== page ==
Construction started in March 1998 and exceptional spring rains delayed progress about six weeks. Rack installation started in September while other finishing was in progress. Transition into the new facility started in November with full operation in December, slightly late and close to budget.
There are several warehouse features that set this facility apart from others. Andreas has always had a shop where all wood furniture is inspected and prepped. The new facility has eight work stations with lifts for the craftsmen to do their jobs with everything close at hand. There is even a central vacuum system to remove any remaining dust. This area is air-conditioned and has true color lighting and windows.
This shop configuration boosts craftsman productivity while meeting the ever increasing expectations of the customer base. A side benefit is documented vendor quality performance for use when it is time to negotiate on-going relationships. Those with superior quality and consistency in manufacturing, shipping and packaging will earn greater showroom space and distribution.
The Storis warehouse management system was upgraded during the project to include full barcoding and radio frequency data transmission.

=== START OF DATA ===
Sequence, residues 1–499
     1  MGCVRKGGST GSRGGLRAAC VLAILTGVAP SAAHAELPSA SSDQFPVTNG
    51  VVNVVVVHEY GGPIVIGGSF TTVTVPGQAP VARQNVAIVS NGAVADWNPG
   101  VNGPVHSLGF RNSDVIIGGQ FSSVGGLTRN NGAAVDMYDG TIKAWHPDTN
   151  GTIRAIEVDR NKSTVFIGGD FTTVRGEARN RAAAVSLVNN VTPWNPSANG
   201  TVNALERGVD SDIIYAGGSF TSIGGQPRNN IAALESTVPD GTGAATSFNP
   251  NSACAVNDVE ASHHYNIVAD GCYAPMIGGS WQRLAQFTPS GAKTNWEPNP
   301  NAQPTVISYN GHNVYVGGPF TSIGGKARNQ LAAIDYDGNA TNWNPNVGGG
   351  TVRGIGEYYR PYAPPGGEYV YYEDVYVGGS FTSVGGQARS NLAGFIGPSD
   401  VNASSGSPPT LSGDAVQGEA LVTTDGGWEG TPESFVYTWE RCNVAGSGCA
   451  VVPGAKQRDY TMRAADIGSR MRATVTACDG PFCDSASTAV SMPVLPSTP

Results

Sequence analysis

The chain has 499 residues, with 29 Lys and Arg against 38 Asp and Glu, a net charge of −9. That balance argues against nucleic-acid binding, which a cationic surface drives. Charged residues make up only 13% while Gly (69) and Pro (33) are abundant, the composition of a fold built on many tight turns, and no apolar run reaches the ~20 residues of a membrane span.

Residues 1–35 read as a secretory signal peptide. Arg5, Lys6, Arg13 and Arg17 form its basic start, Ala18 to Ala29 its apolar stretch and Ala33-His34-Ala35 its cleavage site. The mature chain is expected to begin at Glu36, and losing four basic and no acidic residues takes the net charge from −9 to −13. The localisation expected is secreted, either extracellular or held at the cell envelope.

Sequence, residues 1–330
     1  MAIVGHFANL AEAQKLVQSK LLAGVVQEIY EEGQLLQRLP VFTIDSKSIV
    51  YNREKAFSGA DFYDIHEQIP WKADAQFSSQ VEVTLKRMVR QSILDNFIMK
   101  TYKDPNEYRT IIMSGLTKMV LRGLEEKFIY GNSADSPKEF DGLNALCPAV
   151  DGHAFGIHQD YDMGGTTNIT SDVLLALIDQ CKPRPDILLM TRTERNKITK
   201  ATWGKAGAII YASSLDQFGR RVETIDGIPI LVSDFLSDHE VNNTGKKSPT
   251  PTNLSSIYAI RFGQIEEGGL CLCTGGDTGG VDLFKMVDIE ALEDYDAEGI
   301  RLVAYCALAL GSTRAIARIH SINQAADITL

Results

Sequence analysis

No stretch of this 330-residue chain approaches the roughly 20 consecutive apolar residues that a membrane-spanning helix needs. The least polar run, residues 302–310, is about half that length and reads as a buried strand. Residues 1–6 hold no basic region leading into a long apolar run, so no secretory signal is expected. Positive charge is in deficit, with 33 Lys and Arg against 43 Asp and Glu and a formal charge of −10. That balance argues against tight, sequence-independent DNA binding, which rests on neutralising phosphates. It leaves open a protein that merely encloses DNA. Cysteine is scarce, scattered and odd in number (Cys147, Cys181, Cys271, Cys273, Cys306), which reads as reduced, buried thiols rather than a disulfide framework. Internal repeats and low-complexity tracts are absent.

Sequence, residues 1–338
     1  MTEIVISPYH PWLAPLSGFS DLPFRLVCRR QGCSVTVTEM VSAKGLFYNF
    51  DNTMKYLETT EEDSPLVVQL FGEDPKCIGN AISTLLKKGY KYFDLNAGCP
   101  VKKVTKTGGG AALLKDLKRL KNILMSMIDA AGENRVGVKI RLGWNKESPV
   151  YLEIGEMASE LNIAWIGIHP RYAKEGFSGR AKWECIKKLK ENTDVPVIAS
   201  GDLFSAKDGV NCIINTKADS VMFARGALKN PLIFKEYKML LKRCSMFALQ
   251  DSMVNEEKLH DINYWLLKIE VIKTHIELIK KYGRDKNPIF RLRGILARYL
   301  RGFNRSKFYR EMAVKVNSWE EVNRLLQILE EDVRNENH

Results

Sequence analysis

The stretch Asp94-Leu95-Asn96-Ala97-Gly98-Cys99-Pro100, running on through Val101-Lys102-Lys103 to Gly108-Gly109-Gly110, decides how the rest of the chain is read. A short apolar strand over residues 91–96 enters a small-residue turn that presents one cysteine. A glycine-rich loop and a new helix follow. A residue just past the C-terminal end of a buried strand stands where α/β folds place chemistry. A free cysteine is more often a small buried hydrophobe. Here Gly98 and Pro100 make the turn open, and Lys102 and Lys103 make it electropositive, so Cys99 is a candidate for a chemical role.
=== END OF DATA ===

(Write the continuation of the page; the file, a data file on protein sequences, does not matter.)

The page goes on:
A service annex at the side of the building provides easy access to the two compactors, lift truck battery charging and a dock for supplies going to the shop as well as service personnel convenience.
The inside parking for up to ten delivery trucks has been greatly appreciated by the drivers in Ohio's sometimes nasty weather. Since the Andreas policy is to properly maintain and operate trucks for many years, inside parking will extend their life as well as the appearance. Clean trucks are critical to the proper presentation of the company's image. To maximize their advertising value throughout the delivery area, one garage bay has high pressure washing equipment. Each delivery team cleans their own truck in about twenty minutes.
Uniformed delivery teams and great looking trucks are critical to the total customer service strategy. All trucks, which are low profile Navistar models, carry the Andreas Furniture image.
Customers choosing to take their purchases home have easy access with a canopied parking area and a view of the warehouse interior from their reception area. The office area is mostly landscape layout with all personnel having an outside view. Several microwaves are available in the break room for employee convenience. Housekeeping throughout is outstanding.
Bottom line, the facility is a friendly place for employees and customers and is exceeding expectations for efficient support of the company's overall goals. The major lesson to convey to readers anticipating upgrading any distribution function is to do the up-front planning and think ahead at least five years. Andreas Furniture has proven that planning has tremendous rewards.
Daniel Bolger of The Bolger Group helps companies achieve improved transportation, warehousing and logistics. Questions can be directed to Mr. Bolger care of FURNITURE WORLD at firstname.lastname@example.org.